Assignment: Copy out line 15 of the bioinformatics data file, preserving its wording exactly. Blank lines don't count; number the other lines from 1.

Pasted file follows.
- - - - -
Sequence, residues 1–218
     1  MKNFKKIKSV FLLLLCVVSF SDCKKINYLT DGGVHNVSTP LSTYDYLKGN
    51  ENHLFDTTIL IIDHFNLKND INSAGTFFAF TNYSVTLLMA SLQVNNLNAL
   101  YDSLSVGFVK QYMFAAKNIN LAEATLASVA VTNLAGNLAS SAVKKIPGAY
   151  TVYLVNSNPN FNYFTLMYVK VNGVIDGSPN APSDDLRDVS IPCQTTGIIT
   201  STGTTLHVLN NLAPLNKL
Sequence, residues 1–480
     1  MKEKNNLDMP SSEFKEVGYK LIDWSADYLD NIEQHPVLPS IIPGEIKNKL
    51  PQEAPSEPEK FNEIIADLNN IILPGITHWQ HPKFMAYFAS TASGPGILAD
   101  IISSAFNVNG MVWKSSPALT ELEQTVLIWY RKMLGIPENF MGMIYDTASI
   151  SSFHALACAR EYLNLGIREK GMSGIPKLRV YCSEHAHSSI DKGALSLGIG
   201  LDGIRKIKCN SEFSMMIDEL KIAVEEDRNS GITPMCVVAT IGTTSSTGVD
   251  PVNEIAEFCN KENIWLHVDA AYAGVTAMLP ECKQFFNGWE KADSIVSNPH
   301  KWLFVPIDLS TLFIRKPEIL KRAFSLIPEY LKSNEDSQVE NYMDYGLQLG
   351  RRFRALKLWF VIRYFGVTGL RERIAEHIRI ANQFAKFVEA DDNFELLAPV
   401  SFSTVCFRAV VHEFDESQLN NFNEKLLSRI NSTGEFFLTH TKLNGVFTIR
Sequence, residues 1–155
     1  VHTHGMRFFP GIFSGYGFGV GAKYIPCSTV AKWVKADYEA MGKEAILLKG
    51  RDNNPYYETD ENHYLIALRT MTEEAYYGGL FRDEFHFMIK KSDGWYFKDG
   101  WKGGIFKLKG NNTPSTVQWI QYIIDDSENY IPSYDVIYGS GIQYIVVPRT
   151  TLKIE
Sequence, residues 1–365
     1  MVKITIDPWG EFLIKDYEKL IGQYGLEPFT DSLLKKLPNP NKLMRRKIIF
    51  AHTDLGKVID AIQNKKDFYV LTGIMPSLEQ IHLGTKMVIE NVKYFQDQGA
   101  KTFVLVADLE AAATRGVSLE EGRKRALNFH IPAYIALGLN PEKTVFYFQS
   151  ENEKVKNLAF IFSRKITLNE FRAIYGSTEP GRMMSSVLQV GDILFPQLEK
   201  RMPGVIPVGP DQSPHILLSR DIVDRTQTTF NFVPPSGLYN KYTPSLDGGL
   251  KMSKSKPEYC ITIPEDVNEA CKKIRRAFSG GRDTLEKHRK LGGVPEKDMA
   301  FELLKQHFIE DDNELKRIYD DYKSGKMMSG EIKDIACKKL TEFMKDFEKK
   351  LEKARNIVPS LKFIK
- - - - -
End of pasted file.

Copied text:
   351  RRFRALKLWF VIRYFGVTGL RERIAEHIRI ANQFAKFVEA DDNFELLAPV